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How to find pressure points on the body

Updated March 23, 2017

Pressure points are nerve bundles found throughout the body. They can cause both pain and pleasure. They are easy to find yet difficult to master. Human bodies are symmetrical. If you find a pressure point on the right side, there is also one in the same spot on the left side. If there's a pressure point in your hand, there will be one in a similar location on your foot. A few major pressure points are easiest to find, but they represent just a few of the thousands of pressure points on the human body.

Pinch the sides of your Achilles tendon; this can be either pleasurable or painful, depending on how hard you squeeze. Find a corresponding pressure point on the webbing of your hand in the meaty part between your thumb and pointer finger.

Pinch the sides of your upper arm about an inch above your elbow. Feel around; you will know when you find it. Then press the corresponding spot above your knee.

Find the ball of your foot, which is the part of the foot you stand on when you are on your tiptoes. Press on the spot under the ball of the foot in the arch, located closer to the inside of the foot than the outside. Now find the corresponding spot in your palm next to the meaty part under the thumb.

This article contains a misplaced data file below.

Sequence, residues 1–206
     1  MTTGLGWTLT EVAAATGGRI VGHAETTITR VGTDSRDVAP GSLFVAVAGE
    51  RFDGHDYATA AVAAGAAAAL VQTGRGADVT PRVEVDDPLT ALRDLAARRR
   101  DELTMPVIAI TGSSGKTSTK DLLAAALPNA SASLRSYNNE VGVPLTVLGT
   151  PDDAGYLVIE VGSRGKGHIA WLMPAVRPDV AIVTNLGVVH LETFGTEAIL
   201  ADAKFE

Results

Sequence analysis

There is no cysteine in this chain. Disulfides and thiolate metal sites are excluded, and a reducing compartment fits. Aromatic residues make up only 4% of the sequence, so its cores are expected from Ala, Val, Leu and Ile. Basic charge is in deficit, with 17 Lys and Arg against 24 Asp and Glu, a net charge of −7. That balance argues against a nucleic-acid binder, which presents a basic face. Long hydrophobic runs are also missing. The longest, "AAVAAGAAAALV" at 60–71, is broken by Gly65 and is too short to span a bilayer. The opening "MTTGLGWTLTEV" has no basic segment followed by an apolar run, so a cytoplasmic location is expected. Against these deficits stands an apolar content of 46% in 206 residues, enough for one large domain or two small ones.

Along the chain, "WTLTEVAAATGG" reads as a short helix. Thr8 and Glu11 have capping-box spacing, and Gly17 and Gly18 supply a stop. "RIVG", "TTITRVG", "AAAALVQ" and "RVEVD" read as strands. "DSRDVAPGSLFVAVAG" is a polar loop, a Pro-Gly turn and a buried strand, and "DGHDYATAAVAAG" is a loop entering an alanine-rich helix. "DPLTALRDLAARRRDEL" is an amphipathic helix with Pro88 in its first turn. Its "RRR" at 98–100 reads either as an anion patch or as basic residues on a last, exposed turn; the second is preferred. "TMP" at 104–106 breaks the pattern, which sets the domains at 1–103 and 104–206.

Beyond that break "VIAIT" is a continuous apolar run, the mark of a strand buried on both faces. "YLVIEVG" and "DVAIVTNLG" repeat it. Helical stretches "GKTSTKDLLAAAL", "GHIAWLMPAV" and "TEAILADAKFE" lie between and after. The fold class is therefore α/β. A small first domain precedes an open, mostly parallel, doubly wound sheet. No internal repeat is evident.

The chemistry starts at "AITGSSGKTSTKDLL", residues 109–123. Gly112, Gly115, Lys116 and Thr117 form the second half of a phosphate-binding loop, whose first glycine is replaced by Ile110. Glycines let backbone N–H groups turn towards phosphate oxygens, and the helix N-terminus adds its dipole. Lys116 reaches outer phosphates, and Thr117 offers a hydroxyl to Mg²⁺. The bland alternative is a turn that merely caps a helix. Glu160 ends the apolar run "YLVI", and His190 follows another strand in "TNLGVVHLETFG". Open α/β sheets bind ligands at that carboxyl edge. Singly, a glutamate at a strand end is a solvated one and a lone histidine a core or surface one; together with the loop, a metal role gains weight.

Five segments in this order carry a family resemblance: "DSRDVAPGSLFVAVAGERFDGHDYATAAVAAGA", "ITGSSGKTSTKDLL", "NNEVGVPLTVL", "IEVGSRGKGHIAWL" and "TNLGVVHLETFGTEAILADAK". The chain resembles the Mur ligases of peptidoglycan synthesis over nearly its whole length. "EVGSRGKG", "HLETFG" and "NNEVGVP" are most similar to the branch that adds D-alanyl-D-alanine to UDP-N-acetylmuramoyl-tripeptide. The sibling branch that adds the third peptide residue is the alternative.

Poke around your head and neck to find other pressure points. You can find them on the temples, in the pocket just beneath your ears, and along the ridge of muscle connecting your shoulder and neck. If there's a pressure point on your right side, there's another one on your left side.

Grab a friend and position him on his stomach. Press about 1 inch away from the spine on each side, but do not press directly on it. Pressure points can be found along both sides of the spine.

Warning

Pressing a pressure point too hard can hurt or even injure you. Press gently at first and then gradually increase pressure. Stop if it hurts.

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About the Author

Kent Ninomiya is a veteran journalist with over 23 years experience as a television news anchor, reporter and managing editor. He traveled to more than 100 countries on all seven continents, including Antarctica. Ninomiya holds a Bachelor of Arts in social sciences with emphasis in history, political science and mass communications from the University of California at Berkeley.